Thailand Prepares for Digital Switchover with DVB-T2
Thailand's National Broadcasting and Telecommunications Commission (NBTC) selected DVB-T2 as the standard for Thailand's digital television broadcasting and the proposal was approved by the government in 2012 as part of the "Go Digital Thailand" project. DVB-T2 was selected as it offers "the best transmission efficiency".
It is now widely reported that the NBTC is readying for the auction of digital television broadcast licenses which should take place by the end of this year or early 2014. According to Thakorn Tantasith, NBTC's secretary general, the agency is meeting with 33 television network operators that have already delivered bidding documents, in order to clarify the details of the bidding procedures. The final application period was set for October 28-29.
Fierce competition is expected as bidders are aiming for a share of more than the 100 billion baht advertising revenues that product owners spend on Thai television network each year.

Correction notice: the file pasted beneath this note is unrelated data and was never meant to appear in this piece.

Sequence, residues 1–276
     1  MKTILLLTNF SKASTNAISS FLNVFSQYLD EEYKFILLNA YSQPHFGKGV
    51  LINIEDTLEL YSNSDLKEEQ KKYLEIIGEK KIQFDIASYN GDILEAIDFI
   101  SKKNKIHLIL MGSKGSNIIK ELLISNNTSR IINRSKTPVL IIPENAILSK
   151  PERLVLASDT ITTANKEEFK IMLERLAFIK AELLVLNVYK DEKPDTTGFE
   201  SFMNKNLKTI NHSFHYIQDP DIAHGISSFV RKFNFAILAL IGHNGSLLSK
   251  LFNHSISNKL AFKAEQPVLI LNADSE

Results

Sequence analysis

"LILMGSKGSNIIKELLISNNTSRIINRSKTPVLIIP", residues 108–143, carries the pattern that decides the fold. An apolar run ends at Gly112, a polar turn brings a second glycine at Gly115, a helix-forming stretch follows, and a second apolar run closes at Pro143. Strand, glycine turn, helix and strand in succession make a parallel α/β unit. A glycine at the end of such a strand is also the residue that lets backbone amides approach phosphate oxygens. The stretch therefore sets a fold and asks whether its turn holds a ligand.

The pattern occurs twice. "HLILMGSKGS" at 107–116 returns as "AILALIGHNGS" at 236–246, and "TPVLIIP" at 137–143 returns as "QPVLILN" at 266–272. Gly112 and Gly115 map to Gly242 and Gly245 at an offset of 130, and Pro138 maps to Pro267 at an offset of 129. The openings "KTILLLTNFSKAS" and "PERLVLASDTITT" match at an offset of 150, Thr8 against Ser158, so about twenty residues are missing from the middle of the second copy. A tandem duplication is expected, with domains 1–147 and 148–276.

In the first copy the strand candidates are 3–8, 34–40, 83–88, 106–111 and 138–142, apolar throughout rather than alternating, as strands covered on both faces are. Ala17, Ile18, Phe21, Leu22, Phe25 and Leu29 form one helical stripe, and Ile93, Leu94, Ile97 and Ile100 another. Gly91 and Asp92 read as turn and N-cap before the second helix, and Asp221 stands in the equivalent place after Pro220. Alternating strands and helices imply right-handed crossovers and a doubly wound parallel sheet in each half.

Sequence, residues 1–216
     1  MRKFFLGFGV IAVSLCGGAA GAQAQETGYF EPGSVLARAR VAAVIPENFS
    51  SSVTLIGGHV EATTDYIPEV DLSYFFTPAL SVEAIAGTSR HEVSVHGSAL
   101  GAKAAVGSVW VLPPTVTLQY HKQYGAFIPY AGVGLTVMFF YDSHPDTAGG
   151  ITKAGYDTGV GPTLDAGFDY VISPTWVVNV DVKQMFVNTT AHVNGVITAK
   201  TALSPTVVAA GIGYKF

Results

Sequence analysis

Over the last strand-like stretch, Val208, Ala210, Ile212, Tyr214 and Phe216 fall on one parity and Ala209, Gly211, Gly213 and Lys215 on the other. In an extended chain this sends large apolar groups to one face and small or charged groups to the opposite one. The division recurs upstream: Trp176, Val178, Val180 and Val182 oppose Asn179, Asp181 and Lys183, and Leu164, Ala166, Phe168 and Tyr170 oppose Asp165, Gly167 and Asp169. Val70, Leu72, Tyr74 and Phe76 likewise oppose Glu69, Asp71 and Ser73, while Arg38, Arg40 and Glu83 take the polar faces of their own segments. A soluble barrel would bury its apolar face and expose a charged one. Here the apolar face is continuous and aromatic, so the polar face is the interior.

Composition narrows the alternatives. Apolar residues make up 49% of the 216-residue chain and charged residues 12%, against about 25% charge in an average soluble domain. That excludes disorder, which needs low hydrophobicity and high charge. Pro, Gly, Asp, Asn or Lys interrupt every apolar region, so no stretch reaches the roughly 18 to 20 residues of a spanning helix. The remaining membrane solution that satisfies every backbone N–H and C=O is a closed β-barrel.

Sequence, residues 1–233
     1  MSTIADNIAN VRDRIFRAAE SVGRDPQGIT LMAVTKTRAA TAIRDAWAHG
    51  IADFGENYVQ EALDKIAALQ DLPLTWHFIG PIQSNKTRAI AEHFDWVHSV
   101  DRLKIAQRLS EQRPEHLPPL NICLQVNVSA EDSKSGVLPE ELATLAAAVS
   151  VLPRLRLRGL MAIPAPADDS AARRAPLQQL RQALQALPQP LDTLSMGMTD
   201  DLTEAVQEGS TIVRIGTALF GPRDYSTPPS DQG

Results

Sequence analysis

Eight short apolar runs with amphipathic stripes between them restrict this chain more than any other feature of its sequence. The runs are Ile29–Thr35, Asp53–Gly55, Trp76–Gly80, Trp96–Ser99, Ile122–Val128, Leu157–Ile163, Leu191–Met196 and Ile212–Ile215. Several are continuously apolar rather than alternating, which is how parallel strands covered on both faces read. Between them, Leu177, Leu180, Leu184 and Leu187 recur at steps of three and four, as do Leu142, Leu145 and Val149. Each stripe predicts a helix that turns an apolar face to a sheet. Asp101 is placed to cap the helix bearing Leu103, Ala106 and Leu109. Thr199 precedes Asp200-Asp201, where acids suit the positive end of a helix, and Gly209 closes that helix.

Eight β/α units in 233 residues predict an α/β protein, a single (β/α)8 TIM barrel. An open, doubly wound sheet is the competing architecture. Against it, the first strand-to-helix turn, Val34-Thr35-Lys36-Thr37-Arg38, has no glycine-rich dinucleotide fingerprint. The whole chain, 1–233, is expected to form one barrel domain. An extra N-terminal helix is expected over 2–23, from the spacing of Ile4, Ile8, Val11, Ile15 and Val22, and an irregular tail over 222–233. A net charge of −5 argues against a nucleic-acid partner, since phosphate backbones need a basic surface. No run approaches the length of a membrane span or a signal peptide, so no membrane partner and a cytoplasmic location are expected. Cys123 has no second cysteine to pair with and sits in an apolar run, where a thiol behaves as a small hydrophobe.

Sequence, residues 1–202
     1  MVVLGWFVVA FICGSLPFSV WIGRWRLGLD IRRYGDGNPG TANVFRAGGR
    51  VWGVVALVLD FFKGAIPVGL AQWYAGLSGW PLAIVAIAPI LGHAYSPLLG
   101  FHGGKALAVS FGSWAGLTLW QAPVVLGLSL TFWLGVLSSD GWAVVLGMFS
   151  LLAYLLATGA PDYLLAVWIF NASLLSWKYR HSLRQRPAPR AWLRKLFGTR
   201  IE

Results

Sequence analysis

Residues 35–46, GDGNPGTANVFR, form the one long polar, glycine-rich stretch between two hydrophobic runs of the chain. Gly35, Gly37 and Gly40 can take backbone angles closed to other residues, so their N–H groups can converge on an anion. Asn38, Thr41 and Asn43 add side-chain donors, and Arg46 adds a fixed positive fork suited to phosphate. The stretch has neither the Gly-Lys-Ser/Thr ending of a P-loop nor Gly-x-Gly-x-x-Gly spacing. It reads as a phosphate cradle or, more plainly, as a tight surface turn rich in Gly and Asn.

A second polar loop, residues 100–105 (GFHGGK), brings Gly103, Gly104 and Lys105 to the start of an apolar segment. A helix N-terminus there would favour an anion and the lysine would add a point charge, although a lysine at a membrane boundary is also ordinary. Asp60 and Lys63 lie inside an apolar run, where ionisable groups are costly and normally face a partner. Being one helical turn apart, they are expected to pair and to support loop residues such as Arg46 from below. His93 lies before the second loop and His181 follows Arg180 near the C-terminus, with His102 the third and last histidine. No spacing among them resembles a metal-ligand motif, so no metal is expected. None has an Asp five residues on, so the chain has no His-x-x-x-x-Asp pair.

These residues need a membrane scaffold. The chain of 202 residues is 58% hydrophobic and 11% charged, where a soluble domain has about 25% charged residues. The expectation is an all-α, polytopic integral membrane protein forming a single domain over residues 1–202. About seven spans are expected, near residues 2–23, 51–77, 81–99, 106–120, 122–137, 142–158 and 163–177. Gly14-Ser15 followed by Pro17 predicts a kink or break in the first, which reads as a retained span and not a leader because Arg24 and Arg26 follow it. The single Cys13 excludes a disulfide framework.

At present there are six free television channels : 3, 5, 7, 9, 11 and Thai PBS; however, once it is up and running, DVB-T2 will enable Thai audiences to view programs from up to 48 channels. The 48 digital outlets will comprise 12 community channels, 12 public channels, and 20 commercial channels; the remaining four will be high definition television. With more channels available, niche programming such as sports, food, travel and technology channels could be part of the digital bouquet. It is expected that the multichannel environment will open up opportunities for new production companies to provide content giving consumers more choices.
According to the NBTC, 84% of the population in Thailand have access to television, 50% of which is via terrestrial or free TV, while around 29% and 26% of households have access to cable and satellite TV respectively.
Initially most digital services will be delivered via a set-top box and the NBTC will support the transformation to digital, especially community channels. The NBTC noted that on the issue of set-top boxes, the government must subsidize costs by offering public loans or coupons, and also support local manufacturers in terms of specifications.
The T2 system is expected to be up and running in 2014.